Fair-trade: support local artists

Preserving the cultural identity of indigenous peoples through the production of traditional crafts is an important form of self-expression and their customs. Fair trade generates more favourable trading conditions for artists and native communities by promoting sustainable activities.

Consumer responsibility is a new concept that incorporates the ethical dimension of human consumption. It represents the other side of fair trade because fair trade will not function without the presence of conscious consumers who are willing and able to recognize the true value of the products they are consuming.

Fair-trade practice is rooted in market-based principles which help establish a fair consumer price, a reasonable taxation rate, and an equitable share of profits for the artists and the production chain at the source.

It helps artists gain self esteem by teaching them the skills necessary to become wage earners, and thus contribute to the economic development of their communities, and gain respect as artists and artisans.

The network encourages artists and shoppers alike to acknowledge a moral commitment to fair trade and ethical shopping and reflect on pre-colonial systems that were historically honoured in trade between indigenous tribes and visitors.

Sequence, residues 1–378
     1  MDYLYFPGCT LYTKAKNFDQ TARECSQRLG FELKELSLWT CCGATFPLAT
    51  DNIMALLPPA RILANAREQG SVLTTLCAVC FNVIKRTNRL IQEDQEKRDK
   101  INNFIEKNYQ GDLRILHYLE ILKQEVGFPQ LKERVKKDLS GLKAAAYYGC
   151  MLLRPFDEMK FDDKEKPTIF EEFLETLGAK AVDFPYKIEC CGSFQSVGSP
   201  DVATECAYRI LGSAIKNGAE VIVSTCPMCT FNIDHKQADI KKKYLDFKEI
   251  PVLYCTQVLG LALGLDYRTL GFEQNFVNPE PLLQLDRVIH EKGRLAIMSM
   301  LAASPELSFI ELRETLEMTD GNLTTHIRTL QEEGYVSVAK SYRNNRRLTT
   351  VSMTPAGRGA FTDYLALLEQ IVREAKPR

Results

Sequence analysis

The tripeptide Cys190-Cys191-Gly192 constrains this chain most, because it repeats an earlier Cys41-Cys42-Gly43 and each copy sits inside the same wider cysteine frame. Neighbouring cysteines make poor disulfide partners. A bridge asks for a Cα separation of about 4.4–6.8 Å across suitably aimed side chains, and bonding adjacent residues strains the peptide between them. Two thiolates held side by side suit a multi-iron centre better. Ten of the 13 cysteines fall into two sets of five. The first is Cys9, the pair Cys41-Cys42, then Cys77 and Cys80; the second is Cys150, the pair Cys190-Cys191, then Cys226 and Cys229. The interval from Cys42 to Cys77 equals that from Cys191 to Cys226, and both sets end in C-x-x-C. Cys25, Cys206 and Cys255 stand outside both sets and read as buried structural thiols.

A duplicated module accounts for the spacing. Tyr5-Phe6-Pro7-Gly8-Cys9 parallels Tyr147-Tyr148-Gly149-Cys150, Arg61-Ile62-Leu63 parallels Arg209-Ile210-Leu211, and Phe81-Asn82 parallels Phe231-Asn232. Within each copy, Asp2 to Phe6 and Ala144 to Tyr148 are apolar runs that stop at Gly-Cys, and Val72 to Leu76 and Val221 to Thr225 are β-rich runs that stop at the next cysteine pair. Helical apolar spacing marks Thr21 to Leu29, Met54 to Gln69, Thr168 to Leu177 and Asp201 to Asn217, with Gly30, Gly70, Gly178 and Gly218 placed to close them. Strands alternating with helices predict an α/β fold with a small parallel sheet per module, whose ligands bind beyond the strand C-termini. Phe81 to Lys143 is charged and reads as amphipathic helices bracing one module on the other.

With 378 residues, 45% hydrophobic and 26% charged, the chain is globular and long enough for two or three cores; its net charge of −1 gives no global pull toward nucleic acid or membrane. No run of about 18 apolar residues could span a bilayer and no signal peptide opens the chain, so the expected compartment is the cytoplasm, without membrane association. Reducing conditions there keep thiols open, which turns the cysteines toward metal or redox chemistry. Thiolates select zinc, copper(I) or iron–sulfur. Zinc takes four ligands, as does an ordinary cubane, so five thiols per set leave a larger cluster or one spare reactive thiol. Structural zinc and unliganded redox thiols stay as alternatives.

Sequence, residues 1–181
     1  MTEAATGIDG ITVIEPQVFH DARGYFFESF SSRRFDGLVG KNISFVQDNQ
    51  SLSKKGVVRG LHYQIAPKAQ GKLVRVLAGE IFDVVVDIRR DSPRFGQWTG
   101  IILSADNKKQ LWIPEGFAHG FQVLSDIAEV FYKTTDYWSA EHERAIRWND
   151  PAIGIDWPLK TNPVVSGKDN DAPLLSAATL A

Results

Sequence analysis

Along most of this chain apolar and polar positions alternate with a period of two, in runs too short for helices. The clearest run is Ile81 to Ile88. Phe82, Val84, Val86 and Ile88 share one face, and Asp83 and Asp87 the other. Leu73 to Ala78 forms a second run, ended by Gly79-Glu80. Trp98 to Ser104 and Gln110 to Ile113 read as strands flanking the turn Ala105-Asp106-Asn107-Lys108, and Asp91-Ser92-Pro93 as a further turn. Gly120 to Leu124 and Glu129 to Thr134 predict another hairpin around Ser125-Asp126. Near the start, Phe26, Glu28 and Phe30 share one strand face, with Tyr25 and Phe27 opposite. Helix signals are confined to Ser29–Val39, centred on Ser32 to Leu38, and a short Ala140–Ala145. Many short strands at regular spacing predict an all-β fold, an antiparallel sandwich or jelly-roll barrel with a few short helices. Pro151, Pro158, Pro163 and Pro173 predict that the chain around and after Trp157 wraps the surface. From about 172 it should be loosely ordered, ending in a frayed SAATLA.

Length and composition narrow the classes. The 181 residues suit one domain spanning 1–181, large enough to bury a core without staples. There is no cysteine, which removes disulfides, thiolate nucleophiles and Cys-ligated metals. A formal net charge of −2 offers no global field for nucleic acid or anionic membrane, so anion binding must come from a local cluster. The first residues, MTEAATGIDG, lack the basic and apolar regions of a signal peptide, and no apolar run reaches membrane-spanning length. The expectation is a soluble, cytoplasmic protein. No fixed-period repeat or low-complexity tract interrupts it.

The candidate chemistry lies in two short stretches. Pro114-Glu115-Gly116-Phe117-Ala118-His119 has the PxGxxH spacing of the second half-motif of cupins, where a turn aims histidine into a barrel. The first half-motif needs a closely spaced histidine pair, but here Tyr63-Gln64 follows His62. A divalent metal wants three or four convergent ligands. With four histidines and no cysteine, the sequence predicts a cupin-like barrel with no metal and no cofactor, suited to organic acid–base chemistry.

I came upon Arte y Esperanza, which translates as “Art and hope”, a fair trade company that promotes and retails arts, crafts and clothing in support of Argentina’s indigenous artists and communities.

Each individual artisan or small communal groups can choose to create different types of handiwork or crafts that will best express their aboriginal heritage. Oftentimes they are produced locally, and then delivered to bigger cities where they are retailed.

Even so, the production is often on a very small-scale, typically in agreement with the point of sale, such as small souvenir shops, and specialty boutiques.

The partnerships can also help support the recognition of indigenous people, cultivate solidarity between them and the public, and generate stronger sponsorship for the fulfillment of indigenous rights that contributes to the greater multiethnic and multicultural society.

More in-depth: at the living green magazine site.

3 thoughts on “Fair-trade: support local artists

  1. Fair-trade practice is rooted in market-based principles for generations and led them out of numerous economic crises for ages.
    A fair consumer price and an equitable share of profits for the artists may happen at the source. But once it becomes A Fair Trade movement, it swirls up into less fair and more profitable business, unfortunately. Love those Arte & Esperanza stuff that do not have meaning or message, just artistic expression.

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